Sunday, October 20, 2013

How the JTA Transaction Manager helps to GemFire


JTA provides direct coordination between the GemFire cache and another transactional resource,

such as a database. Using JTA, your application controls all transactions in the same standard way, whether the transactions act on the GemFire cache, a JDBC resource, or both together.

By the time a JTA global transaction is done, the GemFire transaction and the database transaction are both complete.

imageContributed by Gemstone.

Using GemFire with JTA transactions requires these general steps.

During configuration:
1. Configure the JDBC data sources in the cache.xml file.
2. Include the jar file for any data sources in your CLASSPATH.

At run-time:
3. Initialize the GemFire cache.
4. Get the JNDI context and look up the data sources.
5. Start a JTA transaction.
6. Execute operations in the cache and database as usual.
7. Commit the transaction.

The transactional view exists until the transaction completes. If the commit fails or the transaction is rolled
back, the changes are dropped. If the commit succeeds, the changes recorded in the transactional view are
merged into the cache. At any given time, the cache reflects the cumulative effect of all operations on the
cache, including committed transactions and non-transactional operations.

JTA Transaction Limitations:

• Only one JDBC database instance per transaction is allowed, although you can have multiple connections
to that database.
• Multiple threads cannot participate in a transaction.
• Transaction recovery after a crash is not supported.
In addition, JTA transactions are subject to the limitations of GemFire cache transactions, which is discussed
in the previous section. When a global transaction needs to access the GemFire cache, JTA silently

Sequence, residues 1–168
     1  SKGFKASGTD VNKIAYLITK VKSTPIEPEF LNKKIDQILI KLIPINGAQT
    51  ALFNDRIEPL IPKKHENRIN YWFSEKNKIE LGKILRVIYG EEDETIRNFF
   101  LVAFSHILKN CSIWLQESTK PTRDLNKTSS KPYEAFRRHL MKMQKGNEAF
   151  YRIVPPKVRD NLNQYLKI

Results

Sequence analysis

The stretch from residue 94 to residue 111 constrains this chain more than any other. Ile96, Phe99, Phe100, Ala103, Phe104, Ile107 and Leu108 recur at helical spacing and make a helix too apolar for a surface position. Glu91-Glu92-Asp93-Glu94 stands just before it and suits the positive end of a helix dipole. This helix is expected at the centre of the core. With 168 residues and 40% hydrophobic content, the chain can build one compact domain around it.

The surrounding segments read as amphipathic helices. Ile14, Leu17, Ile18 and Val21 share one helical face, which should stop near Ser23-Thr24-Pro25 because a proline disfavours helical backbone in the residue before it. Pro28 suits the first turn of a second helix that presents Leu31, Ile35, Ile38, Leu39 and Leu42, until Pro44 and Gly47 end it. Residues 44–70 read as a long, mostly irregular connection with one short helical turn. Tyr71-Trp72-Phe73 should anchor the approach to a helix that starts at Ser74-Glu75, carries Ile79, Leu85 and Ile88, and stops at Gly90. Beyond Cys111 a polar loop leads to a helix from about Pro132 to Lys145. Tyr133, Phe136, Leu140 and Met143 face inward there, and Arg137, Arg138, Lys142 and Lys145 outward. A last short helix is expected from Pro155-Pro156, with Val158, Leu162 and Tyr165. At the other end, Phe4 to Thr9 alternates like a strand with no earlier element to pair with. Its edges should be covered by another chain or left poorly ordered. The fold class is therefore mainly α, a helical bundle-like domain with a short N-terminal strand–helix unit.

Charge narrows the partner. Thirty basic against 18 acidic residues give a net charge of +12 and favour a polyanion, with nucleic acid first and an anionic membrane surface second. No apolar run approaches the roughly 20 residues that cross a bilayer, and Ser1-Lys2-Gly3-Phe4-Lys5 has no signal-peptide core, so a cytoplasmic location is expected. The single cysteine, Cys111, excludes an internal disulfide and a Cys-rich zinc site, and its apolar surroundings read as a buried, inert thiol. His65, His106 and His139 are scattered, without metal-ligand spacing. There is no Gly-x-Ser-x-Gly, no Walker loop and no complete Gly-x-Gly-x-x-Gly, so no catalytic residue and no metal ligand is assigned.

starts a GemFire cache transaction.

JTA Sync Up :

JTA syncs up multiple transactions under one umbrella by enabling transactional resources to enlist with a
global transaction. The GemFire cache can register as a JTA resource through JTA synchronizations. This
allows the JTA transaction manager to call methods like commit and rollback on the GemFire resource and
manage the GemFire transactions. You can bind in JDBC resources so you can look them up in the JNDI
context. When bound in, XAPooledDataSource resources will automatically enlist if called within the context
of a transaction.

Example :

Using GemFire JTA Transaction Manager

The external data sources used in this transaction are configured in cache.xml.

Region r = ...; // the gemfire regionDataSource 
ds = ...; // other datasource

try {
Context ctx = cache.getJNDIContext();
Connection conn = null;
tx = (UserTransaction)
conn = ds.getConnection();
Statement stmt = conn.createStatement();
String sqlSTR = "insert into " + tableName + " values (........ )";
r.put("key", "value");
} catch (NamingException e) {
// handle the exception

No comments :